• Should be performed 2 or more days per week
  • Examples: lifting weights, working resistance bands, push-ups, sit-ups

If you’re not sure where to start, check out sample plans designed by the CDC, which include moderate and vigorous aerobic activity routines:

Check out the following tips to make physical activity a regular part of your day:

  1. 10 minutes – To reach your weekly goal, focus on doing at least 10 minutes of activity at a time.
  2. Support – Partner with a friend or family member to help motivate one another.
  3. Mix it up – Choose to swim one day, go for a jog, attend a yoga or zumba class, or lift weights so that you change up your daily routine.
  4. Be ready – Keep a pair of walking shoes in your car, bag, or locker to take advantage of any time you can for a quick walk or run.
  5. Work out during TV time – if you’re taking a break to catch up on a movie or TV show, try doing so as you jog on a treadmill or ride a stationary bike.
  6. Wellness at school – Look for on-campus opportunities (walking meetups, fitness centers, sports).
  7. Outdoors – Physical activity doesn’t have to be restricted indoors and can be found in a variety of venues, such as local or national parks (hiking, canoeing).
  8. Chores – Many people forget that cleaning the house, washing the car, or even mowing the lawn all contribute to the minimum 150 minutes of activity each week.

SuperTracker is a free resource developed by the USDA that allows you to be proactive in taking care of your health, by being able to develop personalized nutrition and physical activity plans, track your foods and physical activity, and get tips and support to help you make healthier choices. To take advantage of this great resource, please visit:

Mental Health

Mental health is critical to sustaining a successful wellness experience. Medical school consists of a diverse group of individuals coming with experiences from different backgrounds. Many individuals can find it difficult to cope with adjusting to a new environment, the rigor of medical school, and/or many other concerns. This can lead to a cycle of stress, anxiety, and depression when combined with inadequate sleep, unhealthy diets, and infrequent exercise. Trying to cope with these symptoms alone, can often times become difficult. The key is to remember there is help available and services designed especially to meet the needs for students. The College of Medicine has a dedicated psychologist to assist you. The provider is available every other Thursday between the hours of 8:30 am – 2:00 pm. To make direct arranges during a different time, or off-campus, Dr. Zaher can be contacted directly at This email address is being protected from spambots. You need JavaScript enabled to view it. or (916) 969-0723. In addition, the College of Medicine has a designated wellness committee which aims to ensure the health and wellness of its medical students. A strong effort is also made to ensure curriculum involves teaching practical skills and training during medical school, clerkships, and beyond.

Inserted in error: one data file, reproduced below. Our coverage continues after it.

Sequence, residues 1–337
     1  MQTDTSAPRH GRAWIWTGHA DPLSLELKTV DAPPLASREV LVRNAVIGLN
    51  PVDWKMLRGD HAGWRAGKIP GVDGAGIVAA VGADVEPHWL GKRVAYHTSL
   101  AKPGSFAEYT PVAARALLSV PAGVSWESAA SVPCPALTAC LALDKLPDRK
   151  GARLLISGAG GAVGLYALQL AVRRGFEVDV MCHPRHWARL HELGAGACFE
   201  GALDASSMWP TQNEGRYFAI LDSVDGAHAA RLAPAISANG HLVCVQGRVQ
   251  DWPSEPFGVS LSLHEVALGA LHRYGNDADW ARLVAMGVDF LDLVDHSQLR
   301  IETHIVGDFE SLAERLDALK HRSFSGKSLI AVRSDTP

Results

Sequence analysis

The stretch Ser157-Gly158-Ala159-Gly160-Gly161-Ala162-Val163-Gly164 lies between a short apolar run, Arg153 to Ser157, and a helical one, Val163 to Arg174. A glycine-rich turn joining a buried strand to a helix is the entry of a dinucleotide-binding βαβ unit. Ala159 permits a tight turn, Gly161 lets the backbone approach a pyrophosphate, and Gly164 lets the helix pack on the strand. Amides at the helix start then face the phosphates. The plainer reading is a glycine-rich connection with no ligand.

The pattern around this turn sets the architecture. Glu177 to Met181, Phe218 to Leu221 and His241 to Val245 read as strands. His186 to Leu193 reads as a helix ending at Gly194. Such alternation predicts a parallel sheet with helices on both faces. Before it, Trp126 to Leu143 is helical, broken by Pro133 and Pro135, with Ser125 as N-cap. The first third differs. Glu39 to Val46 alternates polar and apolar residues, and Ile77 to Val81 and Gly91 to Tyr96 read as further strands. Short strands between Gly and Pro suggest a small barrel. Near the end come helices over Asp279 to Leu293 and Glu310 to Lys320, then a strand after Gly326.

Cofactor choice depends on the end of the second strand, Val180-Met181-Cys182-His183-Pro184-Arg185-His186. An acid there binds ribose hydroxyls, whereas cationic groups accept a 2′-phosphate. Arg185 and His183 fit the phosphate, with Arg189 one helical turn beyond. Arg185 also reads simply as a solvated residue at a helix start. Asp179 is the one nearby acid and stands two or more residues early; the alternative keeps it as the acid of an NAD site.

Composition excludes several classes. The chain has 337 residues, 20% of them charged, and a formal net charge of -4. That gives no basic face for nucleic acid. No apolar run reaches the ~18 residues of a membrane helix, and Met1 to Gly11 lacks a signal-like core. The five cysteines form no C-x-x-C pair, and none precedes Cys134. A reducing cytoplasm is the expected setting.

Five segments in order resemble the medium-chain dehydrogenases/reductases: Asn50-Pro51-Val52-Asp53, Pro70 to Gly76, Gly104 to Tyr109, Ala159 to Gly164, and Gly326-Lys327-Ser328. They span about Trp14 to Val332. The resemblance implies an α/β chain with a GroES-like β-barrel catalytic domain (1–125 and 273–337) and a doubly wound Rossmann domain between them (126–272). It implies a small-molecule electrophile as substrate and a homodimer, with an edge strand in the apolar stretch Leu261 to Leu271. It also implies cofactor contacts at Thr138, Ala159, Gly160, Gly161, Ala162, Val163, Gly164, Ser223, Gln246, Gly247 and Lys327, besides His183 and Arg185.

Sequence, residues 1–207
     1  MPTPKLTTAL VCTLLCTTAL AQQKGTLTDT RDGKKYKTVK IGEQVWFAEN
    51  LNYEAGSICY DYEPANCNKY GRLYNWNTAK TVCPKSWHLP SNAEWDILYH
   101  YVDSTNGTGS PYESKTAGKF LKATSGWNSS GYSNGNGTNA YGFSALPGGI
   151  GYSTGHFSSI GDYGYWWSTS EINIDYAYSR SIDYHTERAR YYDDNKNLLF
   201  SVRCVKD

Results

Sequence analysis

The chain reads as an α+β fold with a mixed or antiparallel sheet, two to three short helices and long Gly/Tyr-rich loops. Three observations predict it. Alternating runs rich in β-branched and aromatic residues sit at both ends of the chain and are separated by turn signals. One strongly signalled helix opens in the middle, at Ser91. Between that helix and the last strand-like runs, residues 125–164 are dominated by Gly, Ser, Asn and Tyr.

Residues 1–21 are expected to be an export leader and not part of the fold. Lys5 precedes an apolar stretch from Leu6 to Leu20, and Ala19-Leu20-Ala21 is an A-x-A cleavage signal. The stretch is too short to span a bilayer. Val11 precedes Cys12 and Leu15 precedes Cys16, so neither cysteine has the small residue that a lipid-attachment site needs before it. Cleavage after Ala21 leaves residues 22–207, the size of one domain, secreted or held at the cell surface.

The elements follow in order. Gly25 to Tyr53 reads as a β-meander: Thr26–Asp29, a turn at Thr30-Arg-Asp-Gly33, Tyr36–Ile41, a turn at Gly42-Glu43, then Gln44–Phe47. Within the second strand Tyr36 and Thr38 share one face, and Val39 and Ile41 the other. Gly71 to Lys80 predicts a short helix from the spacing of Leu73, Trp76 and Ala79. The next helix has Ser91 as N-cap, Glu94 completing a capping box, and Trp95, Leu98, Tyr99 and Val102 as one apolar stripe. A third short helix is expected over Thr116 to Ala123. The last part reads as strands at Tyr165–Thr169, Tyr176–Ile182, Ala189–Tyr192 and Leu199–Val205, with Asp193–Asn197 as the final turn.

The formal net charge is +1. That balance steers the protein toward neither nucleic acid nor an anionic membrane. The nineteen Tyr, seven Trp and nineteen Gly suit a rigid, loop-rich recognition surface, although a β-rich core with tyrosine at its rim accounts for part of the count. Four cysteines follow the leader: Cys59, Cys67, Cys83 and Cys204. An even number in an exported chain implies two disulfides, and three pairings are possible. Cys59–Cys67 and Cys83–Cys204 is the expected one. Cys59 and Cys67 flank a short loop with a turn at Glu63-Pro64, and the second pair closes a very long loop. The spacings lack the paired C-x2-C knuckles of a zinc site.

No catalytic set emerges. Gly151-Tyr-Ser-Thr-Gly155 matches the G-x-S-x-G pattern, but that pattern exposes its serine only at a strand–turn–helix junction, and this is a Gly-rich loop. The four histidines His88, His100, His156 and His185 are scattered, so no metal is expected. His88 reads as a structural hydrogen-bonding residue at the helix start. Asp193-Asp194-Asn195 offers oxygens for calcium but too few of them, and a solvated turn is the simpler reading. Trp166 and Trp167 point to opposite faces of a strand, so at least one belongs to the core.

Never be afraid to ask for help – it is the first step towards ensuring good mental health and gaining the resources and guidance you need.

Here are some tips to help you maintain positive mental health:

  • Maintain balance. While medical school may be an important part of your life, ensuring a successful journey is directly associated with your own health and well-being.
  • Support systems. Reach out to your friends and family as often as possible – they will provide you with a strong moral support system for your medical school journey.
  • Make time for yourself. It is okay to take a break, relax, and do something outside of your studies. In fact, it is healthy for you. Good physical and mental health contributes to a more successful medical school journey.